A great open source option is video.js. It brings a high degree of customization using skins and a flexible configuration, for instance allowing you to use autoplay or different video controls.

Video.js is able to play both progressive videos and HLS streams. Again, the use of HLS requires suport of the Media Source Extensions API, which most browsers do. The code to implement the player may be very simple as the following example shows.

<video id="player" class="video-js vjs-default-skin vjs-big-play-centered" width="100%" controls autoplay muted loop preload>
<script src=""></script>
  const player = videojs('player', {
    responsive: true,
    fluid: true
    src: '',
    type: 'application/x-mpegURL'

Interestingly, video.js also supports the tracking of video-related events (like play or pause actions) so we can include them in our own analytics. For instance, we may include the following code in our player.{
  defaultVideoCategory: 'Video',
  events: [{
    name: 'play',
    label: 'Video-Title',
    action: 'play',
  }, {
    name: 'pause',
    label: 'Video-Title',
    action: 'pause',
  }, {
    name: 'ended',
    label: 'Video-Title',
    action: 'ended',
  }, {
    name: 'error',
    label: 'Video-Title',
    action: 'error',

And we'll find the data collected on the tracked events available in our Google Analytics.

Finally, there is still the option to decouple the visualization of the video from the HTML code of the page where we want to embed it. In this case we create an HTML resource where we have the code of the player and the url of the video. Then we insert this HTML document in the HTML code of the page where we want to embed the video.

If we have direct access to the code of the page we can do it using the HTML5 element iFrame with the source attribute pointing to the url the HTML to embed. For instance,

<div style="position:relative;width:100%;height:0;padding-bottom:56.25%;">
  <iframe src="" style="border:0;top:0;left:0;width:100%;height:100%;position:absolute;" width="1920" height="1080" allowfullscreen></iframe>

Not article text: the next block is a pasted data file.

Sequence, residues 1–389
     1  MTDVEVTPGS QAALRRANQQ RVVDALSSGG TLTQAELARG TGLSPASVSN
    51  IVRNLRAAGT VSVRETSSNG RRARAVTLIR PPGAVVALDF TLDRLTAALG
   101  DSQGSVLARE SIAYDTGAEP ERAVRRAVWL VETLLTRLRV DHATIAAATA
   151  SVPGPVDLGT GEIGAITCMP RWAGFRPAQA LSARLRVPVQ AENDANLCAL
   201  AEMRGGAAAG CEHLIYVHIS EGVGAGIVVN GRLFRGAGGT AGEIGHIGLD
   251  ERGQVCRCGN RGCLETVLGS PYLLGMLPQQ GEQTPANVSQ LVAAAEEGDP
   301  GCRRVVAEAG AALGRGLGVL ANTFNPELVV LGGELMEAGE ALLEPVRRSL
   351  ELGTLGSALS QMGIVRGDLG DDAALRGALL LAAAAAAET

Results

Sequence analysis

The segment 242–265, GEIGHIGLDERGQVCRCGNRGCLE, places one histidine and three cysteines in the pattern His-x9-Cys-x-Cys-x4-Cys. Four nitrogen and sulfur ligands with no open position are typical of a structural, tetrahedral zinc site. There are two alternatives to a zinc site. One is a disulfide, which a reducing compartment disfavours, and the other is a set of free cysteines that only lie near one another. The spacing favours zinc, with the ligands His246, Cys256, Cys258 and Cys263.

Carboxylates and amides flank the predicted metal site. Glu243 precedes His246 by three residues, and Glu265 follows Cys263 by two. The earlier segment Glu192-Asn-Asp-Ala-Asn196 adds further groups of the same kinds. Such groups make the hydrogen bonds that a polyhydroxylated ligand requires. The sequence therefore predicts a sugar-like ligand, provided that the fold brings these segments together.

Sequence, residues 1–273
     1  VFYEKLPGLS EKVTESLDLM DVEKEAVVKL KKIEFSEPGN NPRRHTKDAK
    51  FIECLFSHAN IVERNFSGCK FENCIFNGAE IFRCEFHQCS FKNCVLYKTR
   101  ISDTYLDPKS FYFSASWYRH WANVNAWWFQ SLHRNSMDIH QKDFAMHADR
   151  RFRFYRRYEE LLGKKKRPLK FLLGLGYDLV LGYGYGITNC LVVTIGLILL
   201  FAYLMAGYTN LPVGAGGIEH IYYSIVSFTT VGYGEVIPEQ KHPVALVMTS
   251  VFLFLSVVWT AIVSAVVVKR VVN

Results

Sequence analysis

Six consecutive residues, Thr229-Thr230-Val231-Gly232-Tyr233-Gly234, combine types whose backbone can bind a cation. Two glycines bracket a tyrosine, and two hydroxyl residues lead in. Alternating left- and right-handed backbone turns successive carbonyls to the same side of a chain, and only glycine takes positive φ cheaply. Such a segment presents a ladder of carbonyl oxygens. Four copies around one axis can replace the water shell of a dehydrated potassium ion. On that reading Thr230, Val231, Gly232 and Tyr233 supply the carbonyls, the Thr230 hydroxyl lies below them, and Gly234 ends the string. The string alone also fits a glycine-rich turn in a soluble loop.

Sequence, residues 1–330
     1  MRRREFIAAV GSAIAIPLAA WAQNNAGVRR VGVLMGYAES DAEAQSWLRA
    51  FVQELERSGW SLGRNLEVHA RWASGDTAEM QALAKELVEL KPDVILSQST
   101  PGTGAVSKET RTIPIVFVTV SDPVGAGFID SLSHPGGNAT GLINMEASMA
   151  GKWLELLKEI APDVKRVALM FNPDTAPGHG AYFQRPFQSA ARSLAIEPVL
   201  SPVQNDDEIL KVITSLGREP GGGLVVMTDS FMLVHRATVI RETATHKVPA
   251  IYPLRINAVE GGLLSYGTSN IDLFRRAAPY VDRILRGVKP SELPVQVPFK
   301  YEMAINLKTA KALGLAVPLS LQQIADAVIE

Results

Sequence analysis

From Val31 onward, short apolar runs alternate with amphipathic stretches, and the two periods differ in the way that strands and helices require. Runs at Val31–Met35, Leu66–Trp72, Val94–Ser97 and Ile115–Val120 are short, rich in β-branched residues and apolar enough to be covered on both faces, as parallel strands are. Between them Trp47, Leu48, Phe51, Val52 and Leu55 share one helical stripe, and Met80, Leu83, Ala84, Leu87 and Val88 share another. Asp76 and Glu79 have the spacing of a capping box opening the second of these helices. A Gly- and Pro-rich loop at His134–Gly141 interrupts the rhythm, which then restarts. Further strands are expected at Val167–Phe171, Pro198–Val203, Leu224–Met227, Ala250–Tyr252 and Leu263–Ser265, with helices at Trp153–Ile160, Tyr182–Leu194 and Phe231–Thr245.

Alternatively, we can use oEmbed links to embed the video when we work in a content management system in which we don't want or cannot modify the code of the page, provided the CMS supports oEmbed.

oEmbed allows a CMS to display embedded content (such as photos or videos) just with a link to that resource, without having to parse it directly. In this case the provider of the resource should implement the oEmbed API providing a description of the resource that allows the CMS to fetch the resource. For instance,

  "title":"Abraia Embed Video in HTML Demo",
  "description":"Embed video in html demo using iFrames and oEmbed links",
  "html":"<div style=\"position:relative;width:100%;height:0;padding-bottom:56.25%;\"><iframe src=\"\" style=\"border:0;top:0;left:0;width:100%;height:100%;position:absolute;\" width=\"1920\" height=\"1080\" allowfullscreen></iframe></div>"

How to make your own tests

Abraia tools cover the whole video publishing pipeline from editing, branding, and transcoding to publishing, embedding, and viewing.

You can make tests in Abraia's video optimization console with your own videos and you'll have access to all the intermediate resources. Just log in to Abraia, upload a video and click publish. You will get the link to the published resource. Then you can access the folder generated with the HLS renditions and the HTML code of the viewer.

You may also convert the video to other formats, creating derivatives in the bulk tab of the console.

We've seen the main ways to embed a video in a HTML resource, with examples of code, as well as specific online tools to make your own tests quickly with almost no effort.